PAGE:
During April-July, China was the second-highest importer of Indian rice, buying 4.76 lakh tonnes (lt). The whole of last fiscal, Beijing imported 3.3 lt of rice. Similarly, Vietnam, the fourth-largest importer of Indian rice, bought 3.84 lt. For the whole of last fiscal, Hanoi imported 2.93 lt, APEDA data showed.

South-East Asian and Far-Eastern countries have begun buying Indian rice only recently and were not important markets for India. The Association of South-East Asian Nations (ASEAN) has a treaty that favours members.

“ASEAN members give preference to member countries for imports. The new paddy crop has arrived in countries such as Thailand and Vietnam,” said Rao.

Thai comeback

Covid lockdowns in South-East Asia have also affected Indian rice exports, while Thailand has begun making a comeback in the global rice market.

“Thailand has won orders to export 4.5 lt rice to Iraq. Ban on trading with Iraq is off, so that market is open,” Bulk Logix’s Sagar said. It is after seven years that Iraq is buying Thai rice, though India is still better placed to grab the new opportunity.

“Even Malaysia is buying Thai rice, where the new crop has arrived. Probably, it will look at Indian rice in December,” said ACEA’s Prakash, whose Rajathi Group exports agricultural commodities.

“We can expect these countries to return to buy Indian rice from November itself,” said the TREA President.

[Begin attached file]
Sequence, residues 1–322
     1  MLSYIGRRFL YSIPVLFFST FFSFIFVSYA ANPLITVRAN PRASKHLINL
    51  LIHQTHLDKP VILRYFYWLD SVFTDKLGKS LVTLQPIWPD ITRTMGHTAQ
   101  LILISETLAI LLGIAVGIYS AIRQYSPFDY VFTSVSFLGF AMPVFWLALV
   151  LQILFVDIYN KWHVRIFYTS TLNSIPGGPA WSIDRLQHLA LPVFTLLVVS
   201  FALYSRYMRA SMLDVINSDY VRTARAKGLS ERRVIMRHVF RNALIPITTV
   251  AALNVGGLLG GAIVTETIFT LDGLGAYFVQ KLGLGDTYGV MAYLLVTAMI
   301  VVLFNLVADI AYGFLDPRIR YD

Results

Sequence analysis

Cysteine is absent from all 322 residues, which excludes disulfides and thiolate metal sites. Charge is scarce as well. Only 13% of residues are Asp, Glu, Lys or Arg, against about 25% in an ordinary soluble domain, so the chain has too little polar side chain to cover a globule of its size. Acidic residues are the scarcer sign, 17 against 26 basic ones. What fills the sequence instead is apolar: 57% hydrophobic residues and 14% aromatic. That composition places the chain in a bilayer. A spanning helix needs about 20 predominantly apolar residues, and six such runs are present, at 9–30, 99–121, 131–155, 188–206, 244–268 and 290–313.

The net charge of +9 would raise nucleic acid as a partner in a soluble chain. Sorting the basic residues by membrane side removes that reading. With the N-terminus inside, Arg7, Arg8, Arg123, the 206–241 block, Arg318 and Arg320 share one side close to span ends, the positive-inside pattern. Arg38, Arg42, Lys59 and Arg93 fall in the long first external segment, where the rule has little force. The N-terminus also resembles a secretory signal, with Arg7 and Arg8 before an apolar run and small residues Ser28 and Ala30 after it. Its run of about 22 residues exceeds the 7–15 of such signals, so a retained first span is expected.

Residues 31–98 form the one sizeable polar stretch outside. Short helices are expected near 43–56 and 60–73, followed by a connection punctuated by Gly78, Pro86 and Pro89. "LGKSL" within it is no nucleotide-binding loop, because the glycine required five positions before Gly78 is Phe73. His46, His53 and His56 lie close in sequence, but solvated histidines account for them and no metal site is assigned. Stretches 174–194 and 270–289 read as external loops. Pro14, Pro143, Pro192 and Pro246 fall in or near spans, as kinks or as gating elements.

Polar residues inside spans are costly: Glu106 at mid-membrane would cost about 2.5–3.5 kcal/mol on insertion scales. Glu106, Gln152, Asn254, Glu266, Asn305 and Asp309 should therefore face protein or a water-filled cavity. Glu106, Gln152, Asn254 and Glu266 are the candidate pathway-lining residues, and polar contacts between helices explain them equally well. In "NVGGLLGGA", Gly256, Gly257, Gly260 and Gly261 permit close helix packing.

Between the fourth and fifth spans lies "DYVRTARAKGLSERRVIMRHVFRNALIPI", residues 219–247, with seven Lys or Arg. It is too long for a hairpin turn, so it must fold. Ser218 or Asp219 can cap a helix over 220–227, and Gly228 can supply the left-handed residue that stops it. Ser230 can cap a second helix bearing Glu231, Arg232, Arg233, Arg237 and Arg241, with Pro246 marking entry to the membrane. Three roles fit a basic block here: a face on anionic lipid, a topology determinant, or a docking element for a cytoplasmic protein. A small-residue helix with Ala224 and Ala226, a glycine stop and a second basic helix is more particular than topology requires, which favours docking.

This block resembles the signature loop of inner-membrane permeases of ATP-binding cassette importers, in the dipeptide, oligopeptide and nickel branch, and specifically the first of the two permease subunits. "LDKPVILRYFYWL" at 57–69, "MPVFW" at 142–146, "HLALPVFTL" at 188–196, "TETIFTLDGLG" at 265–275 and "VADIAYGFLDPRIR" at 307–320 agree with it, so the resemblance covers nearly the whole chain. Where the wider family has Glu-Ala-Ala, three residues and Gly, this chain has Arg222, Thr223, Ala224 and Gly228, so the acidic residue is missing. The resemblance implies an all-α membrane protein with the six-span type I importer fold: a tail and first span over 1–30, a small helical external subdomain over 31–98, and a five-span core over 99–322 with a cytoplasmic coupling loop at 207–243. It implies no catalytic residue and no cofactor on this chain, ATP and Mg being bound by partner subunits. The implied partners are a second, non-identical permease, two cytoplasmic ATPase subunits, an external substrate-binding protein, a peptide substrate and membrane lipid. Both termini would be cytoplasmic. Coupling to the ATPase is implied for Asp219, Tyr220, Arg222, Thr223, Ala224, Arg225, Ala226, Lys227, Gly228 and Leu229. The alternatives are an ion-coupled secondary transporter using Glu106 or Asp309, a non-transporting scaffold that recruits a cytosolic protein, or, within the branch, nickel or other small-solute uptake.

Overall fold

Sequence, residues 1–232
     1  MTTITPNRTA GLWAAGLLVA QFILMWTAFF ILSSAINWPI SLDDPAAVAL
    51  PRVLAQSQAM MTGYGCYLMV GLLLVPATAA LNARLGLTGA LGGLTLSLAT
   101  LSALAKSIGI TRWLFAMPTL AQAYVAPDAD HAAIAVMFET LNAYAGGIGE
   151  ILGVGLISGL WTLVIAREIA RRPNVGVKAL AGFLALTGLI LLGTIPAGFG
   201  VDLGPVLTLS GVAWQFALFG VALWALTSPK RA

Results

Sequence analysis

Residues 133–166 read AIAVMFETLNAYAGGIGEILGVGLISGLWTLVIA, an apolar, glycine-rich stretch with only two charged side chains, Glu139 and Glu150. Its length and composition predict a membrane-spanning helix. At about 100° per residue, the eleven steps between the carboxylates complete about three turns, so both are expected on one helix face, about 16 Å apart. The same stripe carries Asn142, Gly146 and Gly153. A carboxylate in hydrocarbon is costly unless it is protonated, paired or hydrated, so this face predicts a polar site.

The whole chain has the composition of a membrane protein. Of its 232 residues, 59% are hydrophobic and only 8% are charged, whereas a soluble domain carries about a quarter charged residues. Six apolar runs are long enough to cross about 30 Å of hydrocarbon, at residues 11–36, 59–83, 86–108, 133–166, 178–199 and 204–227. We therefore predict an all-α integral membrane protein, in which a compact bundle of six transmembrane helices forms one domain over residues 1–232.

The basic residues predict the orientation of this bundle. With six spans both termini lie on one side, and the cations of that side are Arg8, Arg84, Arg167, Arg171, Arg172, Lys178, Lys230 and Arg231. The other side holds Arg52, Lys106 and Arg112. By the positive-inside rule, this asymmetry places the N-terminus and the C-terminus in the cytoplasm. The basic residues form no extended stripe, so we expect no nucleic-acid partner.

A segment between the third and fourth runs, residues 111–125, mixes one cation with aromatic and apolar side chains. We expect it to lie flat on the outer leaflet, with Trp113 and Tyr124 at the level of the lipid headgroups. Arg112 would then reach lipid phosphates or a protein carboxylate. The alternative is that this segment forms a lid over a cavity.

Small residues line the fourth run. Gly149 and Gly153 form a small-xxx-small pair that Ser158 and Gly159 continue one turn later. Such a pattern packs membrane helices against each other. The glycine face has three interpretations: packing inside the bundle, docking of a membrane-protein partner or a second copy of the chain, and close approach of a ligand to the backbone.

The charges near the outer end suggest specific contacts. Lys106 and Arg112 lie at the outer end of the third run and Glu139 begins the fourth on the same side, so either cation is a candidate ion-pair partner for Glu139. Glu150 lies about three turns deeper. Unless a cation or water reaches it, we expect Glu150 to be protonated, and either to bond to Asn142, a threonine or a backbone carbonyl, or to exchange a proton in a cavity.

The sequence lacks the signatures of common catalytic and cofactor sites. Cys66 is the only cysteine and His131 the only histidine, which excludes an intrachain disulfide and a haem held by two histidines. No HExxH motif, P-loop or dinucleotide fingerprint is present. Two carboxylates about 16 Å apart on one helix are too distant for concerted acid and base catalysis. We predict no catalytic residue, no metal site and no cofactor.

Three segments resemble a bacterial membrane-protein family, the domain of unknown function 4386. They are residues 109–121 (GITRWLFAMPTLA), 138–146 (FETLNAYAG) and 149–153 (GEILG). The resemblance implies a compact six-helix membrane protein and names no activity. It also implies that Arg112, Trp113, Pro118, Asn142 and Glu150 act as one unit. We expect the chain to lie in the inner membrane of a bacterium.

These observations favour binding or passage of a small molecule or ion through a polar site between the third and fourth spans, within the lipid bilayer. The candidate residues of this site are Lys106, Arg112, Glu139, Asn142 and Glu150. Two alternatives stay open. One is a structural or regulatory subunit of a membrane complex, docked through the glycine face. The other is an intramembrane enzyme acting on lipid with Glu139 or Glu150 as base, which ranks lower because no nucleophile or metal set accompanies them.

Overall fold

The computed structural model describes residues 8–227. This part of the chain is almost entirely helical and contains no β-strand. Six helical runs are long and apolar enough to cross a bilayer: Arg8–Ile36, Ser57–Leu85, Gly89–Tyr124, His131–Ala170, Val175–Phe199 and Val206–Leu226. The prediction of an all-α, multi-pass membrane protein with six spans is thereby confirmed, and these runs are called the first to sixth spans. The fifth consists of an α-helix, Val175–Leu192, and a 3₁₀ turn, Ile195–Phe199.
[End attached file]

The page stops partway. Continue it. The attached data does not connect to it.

Bangladesh, which purchased 7.6 lt of rice during April-July, compared with 9.1 lt the whole of last fiscal, would purchase another one lt, while Sri Lanka could open a tender to import at least one lt of rice, Rao said.

Vietnam woes

Indian exporters might be reluctant to ship more to Vietnam in view of pending payments. “The pending payment increases the interest burden for exporters. This ultimately cuts into the thin margin shippers get,” said Prakash.

“No one is sending any rice consignment to Vietnam. Some exporters had to offer heavy discounts to settle the payment problems,” said Sagar.

“Vietnam market is not on our map. Some importers have defaulted on payments, hurting exporters badly,” Rao said.

Prakash said an exporter who sent 30,000 tonnes of rice has been forced to store the consignment in a bonded warehouse after the buyer tried to strike a hard bargain. “The shipper thought fit to keep it in the warehouse and wait for the opportune time to sell,” he said.

Other issues

A Delhi-based trade analyst said payment problems in Vietnam have caught exporters on the wrong foot. “There could be similar problems in Lanka, where the foreign exchange crisis has forced the government to curb imports,” the analyst, who did not wish to be identified, said.

High freight and volatile exchange rates are also impacting rice exports, he said.

India’s rice exports have been helped by the ample stocks with the Food Corporation of India (FCI) and record crop over the last two seasons.

As per current norms, FCI should have 8.25 lt of rice as operational stock and two lt as strategic reserves as on October 1. Currently, it has 26.83 mt of rice and 17.6 mt of paddy (11.7 mt rice).

According to the Ministry of Agriculture, rice production last season (July 2020 to June 2021) was a record 122.27 mt against 118.87 mt the previous season. During the current season, kharif rice production has been estimated 2.5 per cent higher than 107.04 mt last year.